A Formosan cloud leopard, now extinct in Taiwan.
Credit: Ministry of Foreign Affairs, Republic of China (Taiwan)
The Formosan clouded leopard, a clouded-leopard subspecies native to Taiwan, is now extinct, according to a team of zoologists.
"There is little chance that the clouded leopard still exists in Taiwan," zoologist Chiang Po-jen told Taiwan's Central News Agency (CNA). "There may be a few of them, but we do not think they exist in any significant numbers."
Zoologists from Taiwan and the United States have looked for the animal on and off since 2001, to no avail. To see if any of the animals remained, the researchers set up about 1,500 infrared cameras and scent traps in the Taiwanese mountains but found nothing.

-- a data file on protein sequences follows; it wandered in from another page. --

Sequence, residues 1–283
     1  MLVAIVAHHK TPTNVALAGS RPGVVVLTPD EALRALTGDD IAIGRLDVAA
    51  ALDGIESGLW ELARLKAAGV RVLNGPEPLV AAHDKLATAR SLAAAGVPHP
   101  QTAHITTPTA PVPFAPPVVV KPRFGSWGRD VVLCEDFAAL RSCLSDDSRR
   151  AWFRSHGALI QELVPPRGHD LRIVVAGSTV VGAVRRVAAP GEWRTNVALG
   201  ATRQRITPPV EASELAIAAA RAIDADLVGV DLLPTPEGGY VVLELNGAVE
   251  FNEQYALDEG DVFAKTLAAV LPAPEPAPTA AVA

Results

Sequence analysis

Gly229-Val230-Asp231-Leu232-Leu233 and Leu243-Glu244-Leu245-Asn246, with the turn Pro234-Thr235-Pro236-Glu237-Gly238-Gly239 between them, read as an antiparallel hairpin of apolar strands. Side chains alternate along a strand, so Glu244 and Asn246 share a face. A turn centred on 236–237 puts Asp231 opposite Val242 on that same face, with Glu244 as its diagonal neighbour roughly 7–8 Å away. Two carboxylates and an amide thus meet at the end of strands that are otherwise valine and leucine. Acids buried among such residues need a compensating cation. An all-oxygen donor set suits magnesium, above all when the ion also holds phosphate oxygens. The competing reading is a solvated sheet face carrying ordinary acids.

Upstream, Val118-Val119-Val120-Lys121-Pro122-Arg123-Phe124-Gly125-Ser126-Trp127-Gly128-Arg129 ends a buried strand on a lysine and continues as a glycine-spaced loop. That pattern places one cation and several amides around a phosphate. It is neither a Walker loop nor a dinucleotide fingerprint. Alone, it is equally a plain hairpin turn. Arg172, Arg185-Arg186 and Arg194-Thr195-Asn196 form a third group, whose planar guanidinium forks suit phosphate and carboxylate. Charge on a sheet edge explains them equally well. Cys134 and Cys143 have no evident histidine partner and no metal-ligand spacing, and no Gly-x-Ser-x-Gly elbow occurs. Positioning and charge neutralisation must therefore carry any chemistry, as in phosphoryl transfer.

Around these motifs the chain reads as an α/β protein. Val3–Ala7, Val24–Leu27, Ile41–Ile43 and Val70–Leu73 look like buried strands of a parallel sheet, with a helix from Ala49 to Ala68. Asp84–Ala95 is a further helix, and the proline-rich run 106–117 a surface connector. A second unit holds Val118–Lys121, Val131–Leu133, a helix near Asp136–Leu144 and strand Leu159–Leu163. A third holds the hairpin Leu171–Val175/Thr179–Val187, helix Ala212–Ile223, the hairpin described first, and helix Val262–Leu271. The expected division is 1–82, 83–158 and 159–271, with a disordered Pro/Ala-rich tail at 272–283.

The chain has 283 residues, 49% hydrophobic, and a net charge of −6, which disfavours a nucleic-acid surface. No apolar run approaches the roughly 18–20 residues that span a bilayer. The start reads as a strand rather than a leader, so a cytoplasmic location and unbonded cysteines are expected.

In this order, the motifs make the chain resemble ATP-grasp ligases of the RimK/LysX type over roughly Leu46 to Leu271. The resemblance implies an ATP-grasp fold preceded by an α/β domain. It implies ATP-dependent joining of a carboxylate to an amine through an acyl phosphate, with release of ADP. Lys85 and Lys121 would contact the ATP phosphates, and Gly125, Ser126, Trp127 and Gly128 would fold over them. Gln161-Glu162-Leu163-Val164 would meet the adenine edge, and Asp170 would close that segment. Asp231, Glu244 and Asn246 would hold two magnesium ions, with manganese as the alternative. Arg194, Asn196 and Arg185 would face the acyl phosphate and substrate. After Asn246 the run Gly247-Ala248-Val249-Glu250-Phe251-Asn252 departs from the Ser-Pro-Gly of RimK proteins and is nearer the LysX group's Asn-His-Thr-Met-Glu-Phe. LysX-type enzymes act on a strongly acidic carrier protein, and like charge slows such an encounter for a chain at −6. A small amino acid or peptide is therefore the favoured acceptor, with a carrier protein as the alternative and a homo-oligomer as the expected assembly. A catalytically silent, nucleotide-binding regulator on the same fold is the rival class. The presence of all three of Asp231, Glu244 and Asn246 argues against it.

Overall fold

Now, the only one left in the country is a stuffed specimen at the National Taiwan Museum, zoologist Liu Jian-nan told CNA. There are two live clouded leopards at Taipei Zoo, but they are an imported subspecies from Southeast Asia.
The range of clouded leopards (Neofelis nebulosa) spans from the hills of the Himalayas to Southeast Asia to China. The animals are known for the patches on their fur that resemble clouds. They also sport fangs larger than those of any other feline.
In 2006, research revealed that clouded leopards found in the Sunda Islands of Southeast Asia — which which include Borneo, Java, Sumatra and Bali — were a separate species, now known as Sunda clouded leopards (Neofelis diardi).
Formosan clouded leopards, which were not thought to be a separate species, have been driven to extinction by habitat destruction and illegal hunting for their skin and bones.